ISTANBUL, Sept. 29 (Xinhua) -- Turkey unveiled on Tuesday a new economic program for the next three years, fixing macro indicator targets as the national currency continued to weaken despite the central bank's efforts.
The New Economic Program (NEP) announced by Treasury and Finance Minister Berat Albayrak in Istanbul, the financial hub of the country, features targets for basic macro indicators such as inflation, employment, growth, and current account balance for the 2021-2023 period.
Albayrak said during the presentation that his country is enjoying a rapid rebound from the COVID-19 pandemic and will manage a positive GDP growth of 0.3 percent this year and an important rebound in 2021.
He indicated the economy could contract by 1.5 percent this year in the worst-case scenario while the International Monetary Fund (IMF) is forecasting up to 5 percent contraction.
"The Turkish economy has entered a rapid recovery process as of July," Albayrak said, stressing that the country distinguished itself positively from other developing countries.
According to the minister, the growth rate expectations stand at 5.8 percent in 2021 and 5 percent in 2022 and 2023.
Inflation, on the other hand, is expected to stand at 10.5 percent at the end of 2020, and 8 percent in 2021. Currently, consumer prices stand at 11.7 percent, according to official data.
The country also expects the budget deficit ratio to GDP to decline gradually throughout 2021-2023, the minister noted.
As regards to the unemployment rate, the program expects it to reach 13.8 percent this year and 12.9 percent next year. The jobless rate currently stands at 13.4 percent.
Meanwhile, the Turkish lira skidded to new record lows against the U.S. dollar on Tuesday trading in the morning at 7.85 Turkish liras, a more than 2 percent loss in a week.
Last week, the central bank lifted its benchmark interest rate by 2 percentage points in an unexpected move to boost the lira, which has lost over 22 percent of its value since the start of the year.
The bank announced Thursday that it would raise its one-week repo rate from 8.25 percent to 10.25 percent. The lira rose more than 1 percent against the dollar, though it later reversed those gains and continued to falter to new record lows.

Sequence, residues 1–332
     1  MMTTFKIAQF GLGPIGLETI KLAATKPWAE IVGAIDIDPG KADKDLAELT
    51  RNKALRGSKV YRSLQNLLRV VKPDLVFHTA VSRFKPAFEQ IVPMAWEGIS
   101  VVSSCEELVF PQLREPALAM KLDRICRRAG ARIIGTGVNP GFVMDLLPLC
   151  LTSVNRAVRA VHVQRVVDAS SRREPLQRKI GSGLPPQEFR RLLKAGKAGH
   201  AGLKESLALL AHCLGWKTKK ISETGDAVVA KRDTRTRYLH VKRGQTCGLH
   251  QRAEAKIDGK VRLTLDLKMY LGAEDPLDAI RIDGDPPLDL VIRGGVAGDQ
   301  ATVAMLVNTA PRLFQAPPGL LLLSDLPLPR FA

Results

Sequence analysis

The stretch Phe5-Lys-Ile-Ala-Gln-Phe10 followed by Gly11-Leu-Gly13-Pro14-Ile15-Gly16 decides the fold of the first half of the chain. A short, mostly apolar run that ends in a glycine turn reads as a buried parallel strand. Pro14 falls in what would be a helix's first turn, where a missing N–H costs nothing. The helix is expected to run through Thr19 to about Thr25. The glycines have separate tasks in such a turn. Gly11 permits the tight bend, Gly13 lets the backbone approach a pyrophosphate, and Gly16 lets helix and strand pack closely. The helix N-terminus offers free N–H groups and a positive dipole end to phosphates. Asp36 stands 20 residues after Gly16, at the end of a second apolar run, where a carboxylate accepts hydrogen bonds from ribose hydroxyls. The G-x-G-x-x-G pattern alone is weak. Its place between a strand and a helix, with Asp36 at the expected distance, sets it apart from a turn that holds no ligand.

Turkey's large current account deficit, an exodus of foreign capital, and mistrust of the lira among Turkish savers who are buying dollars have put heavy pressure on the currency in recent months.
Just like around the world, the pandemic brought the Turkish economy to a near standstill in the second quarter as the country in March shut schools and businesses, closed borders, and adopted weekend stay-home. The economy was mostly reopened in June.
Turkish economy shrank by 9.9 percent in the second quarter in the wake of the pandemic after growing 4.4 percent in the previous three months.
Albayrak also said all leading indicators showed that the worst had passed, and "the recovery in the economy is uninterruptedly gaining pace in the third quarter."
Enver Erkan, an economist at Istanbul-based Tera Securities, commented that the government's new program seemed to be based on "realistic foundations."
"Basing the forecasts on rational foundations, creating alternative scenarios for uncertainties, emphasis on structural transformation in the broader period are prominent details in terms of the NEP," he said in a note to investors.
This expert cautioned, however, on the depreciation of the Turkish currency, warning that it causes an increase in import costs, a contraction in demand and production, and also an increase in inflation and prices.